WALLA WALLA -- A white-linen restaurant wouldn't have lasted 10 years in a boots-and-jeans town if the Fork Police had been wandering around the dining room.
But such was the battle of misconceptions when the Whitehouse-Crawford opened in May 2000, said chef and co-owner Jamie Guerin.
"This perception got out there that we were very, very snobby and very expensive, and that you had to know what fork to use and dress a certain way," Guerin said.
Looking back this may have been a knee-jerk reaction to the restaurant's promise of a one-of-a-kind, first-class dining experience. It was only the beginning of several challenges to operating a fancy restaurant in a laid-back town.
Now at their 10th anniversary, operators have overcome ¬?-- for the most part -- concerns about flatware and dress code. They've also mastered the never-ending staffing cycles and off-season business fluctuations inherent in a destination town.
"There's no question you make progress May through October and then you have to save that money for paying your bills in the wintertime," Guerin said.
Dare he say it, the restaurant's success over the last 10 years may have even helped lay some ground for Walla Walla's upscale restaurant explosion.
"It seems to get a little better every year," Guerin said during a recent visit near the restaurant fireplace. "Even with the economy, we've been holding steady. I think a lot of it has to do with where we are -- Wine Country."
The Whitehouse-Crawford was by no means the area's only destination for fine food when it opened at the corner of Third Avenue and Cherry Street.
By then Bruce and Heather Hiebert had been at it for 22 years at Patit Creek Restaurant on the northern edge of Dayton. Tiffany Cain had been creating dishes at the Weinhard Caf?©. Clark Covey and his then-Homestead Restaurant had long been staples of the restaurant scene on Isaacs Avenue. Bob Parrish had introduced his Backstage Bistro downtown as an eclectic attraction for food and music. And The Marc was establishing itself as a newcomer in the revitalized Marcus Whitman Hotel & Conference Center.
But as with those and others that came before, the Whitehouse-Crawford was designed to provide an experience diners could receive in no other place. And the owners were determined to do it with gusto.
The location was the beginning. Started by the late Carl Schmitt, a 1956 Whitman College graduate and retired California banker, and his wife, Sonia, the restaurant was the finishing piece in the preservation of an architectural icon.
The Schmitts had battled City Hall to save the historic building, constructed in 1903 as a planing mill.
"When we bought the building we had no idea it would become a restaurant," Sonia Smith said in a February 2008 interview with the Union-Bulletin after her husband's death. "We were trying to help the city agencies understand that you could utilize historic buildings and make them economically feasible ... And that is what we did with the Whitehouse-Crawford building."
The intensive refurbishment offset the old brick from the walls with whitewashed beams and ancient red-fir floors. Through a wall of old glass windows diners got a view of the barrel room of neighboring Seven Hills Winery. The unusual open kitchen formation also gave them a view of their food as it was made.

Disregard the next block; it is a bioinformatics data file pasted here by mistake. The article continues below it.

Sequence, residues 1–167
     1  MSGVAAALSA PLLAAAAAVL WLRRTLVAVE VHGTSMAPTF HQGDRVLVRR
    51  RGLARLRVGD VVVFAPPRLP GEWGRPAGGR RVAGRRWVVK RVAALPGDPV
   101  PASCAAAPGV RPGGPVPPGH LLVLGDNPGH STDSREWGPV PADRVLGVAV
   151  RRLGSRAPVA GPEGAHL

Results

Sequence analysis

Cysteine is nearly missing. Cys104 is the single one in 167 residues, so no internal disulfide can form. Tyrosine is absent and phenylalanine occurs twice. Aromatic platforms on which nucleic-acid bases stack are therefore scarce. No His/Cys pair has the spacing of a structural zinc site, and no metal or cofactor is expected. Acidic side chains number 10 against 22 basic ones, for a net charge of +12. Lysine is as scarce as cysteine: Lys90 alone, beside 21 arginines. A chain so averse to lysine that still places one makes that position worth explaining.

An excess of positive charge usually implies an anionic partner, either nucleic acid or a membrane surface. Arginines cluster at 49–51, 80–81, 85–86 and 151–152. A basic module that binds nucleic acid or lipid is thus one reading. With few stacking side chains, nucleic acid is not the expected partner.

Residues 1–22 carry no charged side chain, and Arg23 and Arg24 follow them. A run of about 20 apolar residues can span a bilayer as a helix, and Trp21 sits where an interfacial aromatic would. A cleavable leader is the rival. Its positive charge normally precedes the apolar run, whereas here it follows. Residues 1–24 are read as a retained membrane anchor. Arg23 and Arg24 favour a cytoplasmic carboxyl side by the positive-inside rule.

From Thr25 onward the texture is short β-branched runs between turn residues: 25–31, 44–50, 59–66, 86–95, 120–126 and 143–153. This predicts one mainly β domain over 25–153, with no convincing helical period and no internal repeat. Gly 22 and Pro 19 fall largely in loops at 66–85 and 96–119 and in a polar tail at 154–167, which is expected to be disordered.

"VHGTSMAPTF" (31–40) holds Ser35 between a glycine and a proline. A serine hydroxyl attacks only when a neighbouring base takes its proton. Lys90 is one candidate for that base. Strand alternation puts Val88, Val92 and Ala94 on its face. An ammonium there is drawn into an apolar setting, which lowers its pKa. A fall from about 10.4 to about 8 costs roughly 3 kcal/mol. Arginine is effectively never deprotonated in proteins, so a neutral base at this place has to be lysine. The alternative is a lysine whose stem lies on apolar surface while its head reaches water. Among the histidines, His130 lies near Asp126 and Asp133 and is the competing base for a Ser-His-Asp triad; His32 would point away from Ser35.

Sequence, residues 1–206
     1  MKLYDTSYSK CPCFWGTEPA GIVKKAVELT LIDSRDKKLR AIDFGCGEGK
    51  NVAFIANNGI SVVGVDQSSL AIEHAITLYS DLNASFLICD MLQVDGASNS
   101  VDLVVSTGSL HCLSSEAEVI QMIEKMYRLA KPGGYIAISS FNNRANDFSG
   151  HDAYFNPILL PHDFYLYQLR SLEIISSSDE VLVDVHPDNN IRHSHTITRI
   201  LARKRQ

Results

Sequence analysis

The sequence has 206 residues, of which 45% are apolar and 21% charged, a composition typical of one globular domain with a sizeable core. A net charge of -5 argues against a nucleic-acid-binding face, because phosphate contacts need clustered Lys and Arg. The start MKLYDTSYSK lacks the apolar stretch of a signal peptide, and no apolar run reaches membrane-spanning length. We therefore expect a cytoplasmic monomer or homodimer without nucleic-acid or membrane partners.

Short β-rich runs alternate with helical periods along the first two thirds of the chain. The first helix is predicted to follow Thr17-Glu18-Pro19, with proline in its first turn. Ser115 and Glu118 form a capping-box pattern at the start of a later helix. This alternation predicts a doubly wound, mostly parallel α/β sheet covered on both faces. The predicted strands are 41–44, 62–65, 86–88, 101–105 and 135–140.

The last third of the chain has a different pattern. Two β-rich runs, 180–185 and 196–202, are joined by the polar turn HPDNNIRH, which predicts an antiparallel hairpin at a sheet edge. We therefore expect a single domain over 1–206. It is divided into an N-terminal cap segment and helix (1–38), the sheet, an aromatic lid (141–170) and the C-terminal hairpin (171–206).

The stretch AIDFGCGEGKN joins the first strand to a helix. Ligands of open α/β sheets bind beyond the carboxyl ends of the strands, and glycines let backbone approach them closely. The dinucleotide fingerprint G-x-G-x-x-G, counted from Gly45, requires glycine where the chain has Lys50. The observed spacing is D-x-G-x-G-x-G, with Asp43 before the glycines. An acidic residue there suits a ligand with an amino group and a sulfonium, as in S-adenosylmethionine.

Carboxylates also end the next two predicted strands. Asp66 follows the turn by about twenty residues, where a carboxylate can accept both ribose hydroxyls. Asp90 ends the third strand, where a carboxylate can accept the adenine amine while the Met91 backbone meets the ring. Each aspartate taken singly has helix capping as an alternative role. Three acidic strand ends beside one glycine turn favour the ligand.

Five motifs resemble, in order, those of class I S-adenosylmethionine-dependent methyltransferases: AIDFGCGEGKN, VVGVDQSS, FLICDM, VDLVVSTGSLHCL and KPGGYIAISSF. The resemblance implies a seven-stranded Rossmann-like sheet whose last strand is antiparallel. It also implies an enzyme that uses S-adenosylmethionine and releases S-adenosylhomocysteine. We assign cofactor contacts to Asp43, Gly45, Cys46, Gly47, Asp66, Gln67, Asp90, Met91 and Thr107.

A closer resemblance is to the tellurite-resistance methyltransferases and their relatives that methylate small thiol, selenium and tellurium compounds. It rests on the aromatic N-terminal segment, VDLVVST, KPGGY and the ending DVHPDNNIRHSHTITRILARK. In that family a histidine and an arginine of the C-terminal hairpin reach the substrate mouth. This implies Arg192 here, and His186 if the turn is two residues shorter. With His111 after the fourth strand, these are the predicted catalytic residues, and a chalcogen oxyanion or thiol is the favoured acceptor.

The opening couldn't have come at a better time, Guerin said. The number of local wineries was approaching 30, and "people in the wine business needed some place to showcase their wines," he said.
Guerin wanted to accentuate the local wine with local food. He forged relationships with area farmers, bringing seasonal produce harvested that morning from places like Castoldi Farms and Edwards Family Farm into the restaurant. Cheese from Dayton's Monteillet Fromagerie made its way into the restaurant, as did meat from Thundering Hooves.
And the selection of wines just got bigger and better, including vintages that can't be found at any other restaurant in the world since they come from winemakers right in the community.
"We wanted to represent Walla Walla," Guerin said. "We didn't want just a fancy restaurant that you can pick up and plunk down in any city. It's a local building, local wine list, local owners and local food."
As for the prices, Guerin's Wagyu beef tenderloin with red wine sauce, mushrooms sauteed in foie gras butter, and mashed potatoes is currently the most expensive entree at $39.
But a Whitehouse-Crawford burger with bacon, cheddar, mustard aioli, and fried sweet onions is $16, comparable to entrees at family restaurants throughout the area.
To accommodate trends in local dining -- including the winter months when local residents seem to take in the cold weather holed up at home -- the restaurant has played with its hours, its calendar, its menu and its specials.
More options means more opportunities to introduce customers to the restaurant. Something as simple as a sandwich or pizza and beer can be served in the bar area, or those who want a six-course tasting menu can enjoy it in the dining room. Some guests come for appetizers and wine. Others take in dessert and coffee after a movie.
"It's not just five courses and a car payment for your birthday dinner," Guerin said.
And it's nothing that requires special training in dining etiquette.
"You can use any fork you want on the table," he quipped. "We'll bring you a new one."